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Simply Fit, by Cindy Haskin-Popp, will help you make physical activity a part of everyday life. The health benefits of regular exercise and overall daily physical activity will be discussed. Fun, practical and easy-to-follow tips on an exercise program will be shared, as will the most current research. Fitness tips for families and seniors, on fitness centers and on buying proper and affordable equipment will be regularly given. 

Saturday, February 5, 2011

The Buddy System Gets Kids Active

When I was a kid, my friends and I didn't need adults to schedule physical activity for us. Exercise was already a natural component of our daily interactions with one another. Whether we were playing "cops and robbers" on our bikes in the neighborhood or wading in the creek nearby, we were moving and didn't think twice about it. Unfortunately, now-a-days, most children are not meeting the minimum requirement of an hour of exercise a day, despite the plethora of community-based family fitness and sports programs designed to get kids active.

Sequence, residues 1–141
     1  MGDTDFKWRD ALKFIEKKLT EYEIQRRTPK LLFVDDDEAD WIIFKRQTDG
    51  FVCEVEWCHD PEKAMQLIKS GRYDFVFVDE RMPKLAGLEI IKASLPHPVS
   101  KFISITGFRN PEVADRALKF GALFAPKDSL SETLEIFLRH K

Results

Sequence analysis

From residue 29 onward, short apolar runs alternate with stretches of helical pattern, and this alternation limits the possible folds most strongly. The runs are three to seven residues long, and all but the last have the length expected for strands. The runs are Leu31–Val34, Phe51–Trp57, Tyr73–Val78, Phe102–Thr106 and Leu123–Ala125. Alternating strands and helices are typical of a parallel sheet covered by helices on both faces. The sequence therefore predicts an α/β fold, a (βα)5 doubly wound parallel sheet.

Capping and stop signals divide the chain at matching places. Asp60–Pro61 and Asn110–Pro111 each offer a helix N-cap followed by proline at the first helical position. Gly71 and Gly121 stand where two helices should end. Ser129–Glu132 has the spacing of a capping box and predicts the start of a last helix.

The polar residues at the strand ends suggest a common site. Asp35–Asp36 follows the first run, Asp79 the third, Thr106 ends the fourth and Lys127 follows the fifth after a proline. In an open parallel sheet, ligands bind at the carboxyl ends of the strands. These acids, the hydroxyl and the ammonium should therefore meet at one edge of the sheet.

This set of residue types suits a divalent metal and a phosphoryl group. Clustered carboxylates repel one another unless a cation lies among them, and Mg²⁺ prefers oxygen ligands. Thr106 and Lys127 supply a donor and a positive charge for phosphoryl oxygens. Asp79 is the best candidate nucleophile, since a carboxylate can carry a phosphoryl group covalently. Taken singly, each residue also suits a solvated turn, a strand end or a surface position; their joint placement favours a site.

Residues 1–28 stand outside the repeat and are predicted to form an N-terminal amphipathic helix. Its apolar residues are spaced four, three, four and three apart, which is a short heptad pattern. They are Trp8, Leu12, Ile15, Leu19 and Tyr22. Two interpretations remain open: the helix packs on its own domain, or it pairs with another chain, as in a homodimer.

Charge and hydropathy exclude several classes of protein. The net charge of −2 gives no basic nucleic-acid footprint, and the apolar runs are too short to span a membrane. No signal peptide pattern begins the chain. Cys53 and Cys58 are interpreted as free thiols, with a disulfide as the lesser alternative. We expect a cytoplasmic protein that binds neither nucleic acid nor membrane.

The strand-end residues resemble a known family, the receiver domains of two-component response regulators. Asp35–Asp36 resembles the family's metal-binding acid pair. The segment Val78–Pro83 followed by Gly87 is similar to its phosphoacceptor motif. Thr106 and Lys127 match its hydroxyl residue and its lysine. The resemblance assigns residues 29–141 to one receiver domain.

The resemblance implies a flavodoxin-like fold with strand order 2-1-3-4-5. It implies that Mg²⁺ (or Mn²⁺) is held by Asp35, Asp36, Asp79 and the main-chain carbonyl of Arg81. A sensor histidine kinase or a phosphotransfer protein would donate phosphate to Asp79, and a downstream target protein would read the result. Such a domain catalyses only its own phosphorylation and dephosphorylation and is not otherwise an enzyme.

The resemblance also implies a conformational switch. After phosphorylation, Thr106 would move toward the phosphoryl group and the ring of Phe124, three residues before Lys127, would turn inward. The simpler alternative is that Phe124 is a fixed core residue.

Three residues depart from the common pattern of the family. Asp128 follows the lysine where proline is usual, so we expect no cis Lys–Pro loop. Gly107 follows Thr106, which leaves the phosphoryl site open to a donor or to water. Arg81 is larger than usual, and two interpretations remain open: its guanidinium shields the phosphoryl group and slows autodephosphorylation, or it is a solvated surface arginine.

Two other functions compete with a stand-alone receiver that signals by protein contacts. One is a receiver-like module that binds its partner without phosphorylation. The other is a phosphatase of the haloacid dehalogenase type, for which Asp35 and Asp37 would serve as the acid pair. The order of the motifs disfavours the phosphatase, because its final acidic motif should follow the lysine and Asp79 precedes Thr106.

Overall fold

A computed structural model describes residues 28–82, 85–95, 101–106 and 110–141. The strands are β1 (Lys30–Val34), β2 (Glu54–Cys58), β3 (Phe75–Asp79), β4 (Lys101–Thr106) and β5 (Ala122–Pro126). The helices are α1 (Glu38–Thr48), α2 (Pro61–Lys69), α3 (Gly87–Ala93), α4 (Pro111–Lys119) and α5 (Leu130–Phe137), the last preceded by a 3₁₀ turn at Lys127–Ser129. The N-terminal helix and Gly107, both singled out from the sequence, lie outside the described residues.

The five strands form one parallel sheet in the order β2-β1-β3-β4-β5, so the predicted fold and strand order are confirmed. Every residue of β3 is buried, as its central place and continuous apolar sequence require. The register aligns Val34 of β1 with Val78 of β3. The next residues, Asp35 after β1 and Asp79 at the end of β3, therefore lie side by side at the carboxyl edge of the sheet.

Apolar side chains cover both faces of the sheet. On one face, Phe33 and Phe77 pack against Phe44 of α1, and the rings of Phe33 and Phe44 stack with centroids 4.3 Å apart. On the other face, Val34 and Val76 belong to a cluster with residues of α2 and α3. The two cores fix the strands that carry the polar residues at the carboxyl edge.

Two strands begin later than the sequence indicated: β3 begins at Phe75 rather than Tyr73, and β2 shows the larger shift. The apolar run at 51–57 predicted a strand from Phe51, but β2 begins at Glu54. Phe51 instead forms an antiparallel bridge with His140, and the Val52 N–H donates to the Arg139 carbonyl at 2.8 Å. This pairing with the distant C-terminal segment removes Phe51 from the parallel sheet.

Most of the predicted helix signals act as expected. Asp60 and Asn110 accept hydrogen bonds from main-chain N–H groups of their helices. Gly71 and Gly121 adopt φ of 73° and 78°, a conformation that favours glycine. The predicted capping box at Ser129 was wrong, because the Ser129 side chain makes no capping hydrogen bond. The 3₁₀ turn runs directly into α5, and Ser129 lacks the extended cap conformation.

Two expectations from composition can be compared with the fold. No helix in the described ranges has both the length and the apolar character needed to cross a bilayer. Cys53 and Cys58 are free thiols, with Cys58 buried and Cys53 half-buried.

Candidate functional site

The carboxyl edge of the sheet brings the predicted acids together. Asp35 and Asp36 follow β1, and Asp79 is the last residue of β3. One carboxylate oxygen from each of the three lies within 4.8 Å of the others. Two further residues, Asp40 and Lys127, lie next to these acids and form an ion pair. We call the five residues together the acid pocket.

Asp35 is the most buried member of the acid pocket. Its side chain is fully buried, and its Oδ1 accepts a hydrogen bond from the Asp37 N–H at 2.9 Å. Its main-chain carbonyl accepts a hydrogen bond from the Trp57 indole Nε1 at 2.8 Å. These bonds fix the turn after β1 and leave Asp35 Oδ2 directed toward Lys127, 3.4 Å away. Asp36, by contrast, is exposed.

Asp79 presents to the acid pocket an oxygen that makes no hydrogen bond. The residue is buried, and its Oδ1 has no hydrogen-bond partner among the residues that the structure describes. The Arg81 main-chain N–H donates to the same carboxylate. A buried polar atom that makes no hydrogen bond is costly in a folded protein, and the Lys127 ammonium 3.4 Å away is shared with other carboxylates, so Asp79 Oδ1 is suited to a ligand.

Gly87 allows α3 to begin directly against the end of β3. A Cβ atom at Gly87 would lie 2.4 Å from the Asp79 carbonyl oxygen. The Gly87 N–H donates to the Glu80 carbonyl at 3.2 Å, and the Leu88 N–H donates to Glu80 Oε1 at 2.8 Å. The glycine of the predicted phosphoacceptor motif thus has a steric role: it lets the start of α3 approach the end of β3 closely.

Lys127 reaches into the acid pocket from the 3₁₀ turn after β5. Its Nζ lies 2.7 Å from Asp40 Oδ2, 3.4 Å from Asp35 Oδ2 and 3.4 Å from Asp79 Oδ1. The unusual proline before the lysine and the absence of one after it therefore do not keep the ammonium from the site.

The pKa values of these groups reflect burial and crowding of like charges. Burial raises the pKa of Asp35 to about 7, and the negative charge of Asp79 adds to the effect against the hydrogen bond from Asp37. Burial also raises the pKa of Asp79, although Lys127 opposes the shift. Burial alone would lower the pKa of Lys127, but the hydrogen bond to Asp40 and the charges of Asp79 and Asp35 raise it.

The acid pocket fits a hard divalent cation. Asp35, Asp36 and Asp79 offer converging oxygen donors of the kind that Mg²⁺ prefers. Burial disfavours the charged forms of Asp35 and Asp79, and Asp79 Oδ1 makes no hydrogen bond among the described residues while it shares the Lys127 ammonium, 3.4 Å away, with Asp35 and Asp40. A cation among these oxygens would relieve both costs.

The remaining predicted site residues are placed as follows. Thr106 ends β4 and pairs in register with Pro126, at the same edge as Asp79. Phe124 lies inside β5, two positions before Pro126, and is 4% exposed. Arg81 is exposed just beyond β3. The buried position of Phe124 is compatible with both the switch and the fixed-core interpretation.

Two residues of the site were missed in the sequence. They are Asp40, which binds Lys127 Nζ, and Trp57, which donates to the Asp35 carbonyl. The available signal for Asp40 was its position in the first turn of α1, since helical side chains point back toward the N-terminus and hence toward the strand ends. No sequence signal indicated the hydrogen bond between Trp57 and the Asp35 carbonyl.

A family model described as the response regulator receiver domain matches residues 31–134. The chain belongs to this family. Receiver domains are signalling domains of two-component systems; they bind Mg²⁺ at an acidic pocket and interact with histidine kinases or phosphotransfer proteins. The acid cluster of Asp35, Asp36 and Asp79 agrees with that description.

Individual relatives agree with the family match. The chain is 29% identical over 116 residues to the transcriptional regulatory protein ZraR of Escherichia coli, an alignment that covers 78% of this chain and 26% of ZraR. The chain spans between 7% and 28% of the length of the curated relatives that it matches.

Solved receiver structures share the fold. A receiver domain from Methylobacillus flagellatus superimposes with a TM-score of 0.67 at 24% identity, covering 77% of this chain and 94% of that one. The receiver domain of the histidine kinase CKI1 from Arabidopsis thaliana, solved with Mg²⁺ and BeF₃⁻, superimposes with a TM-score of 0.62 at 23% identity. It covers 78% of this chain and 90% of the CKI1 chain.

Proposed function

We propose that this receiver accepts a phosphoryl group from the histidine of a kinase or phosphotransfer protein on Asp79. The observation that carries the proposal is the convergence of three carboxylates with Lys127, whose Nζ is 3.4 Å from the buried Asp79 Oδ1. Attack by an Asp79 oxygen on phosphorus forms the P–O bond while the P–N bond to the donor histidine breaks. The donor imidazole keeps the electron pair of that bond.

In response to this discrepancy, researchers from the University of Bristol in Bristol, United Kingdom set out to determine the effect that a best friend has on a child's activity level. Investigators studied 472 boys and girls ages 10 to 11 years. Here is what they found:
  • Activity level is positively correlated to the best friend's activity level for both boys and girls; however, the predicting factors of the best friend's influence on activity level differ between genders. For boys, activity level is directly related to the best friend's activity level. For girls, those who engage in active play with their best friend obtain higher levels of physical activity than those girls who do not.
  • Activity level was greater for both boys and girls when they actively played with their best friend in the home or neighborhood setting compared to those children who just engaged in active play with their best friend at school.
  • Participating on a sports team with a best friend was not associated with an increase in the amount of time spent being physically active.
  • Boys and girls who engaged in greater amounts of active play had lower Body Mass Index scores.
  • Boys spent more time in active play than girls.
The investigators concluded that efforts made to improve children's physical activity levels should focus on encouraging active play with best friends, particularly outside of the school setting.

Medicine & Science in Sports & Exercise; "Better with a Buddy: Influence of Best Friends on Children's Physical Activity"; Russel Jago, et al.; February 2011.

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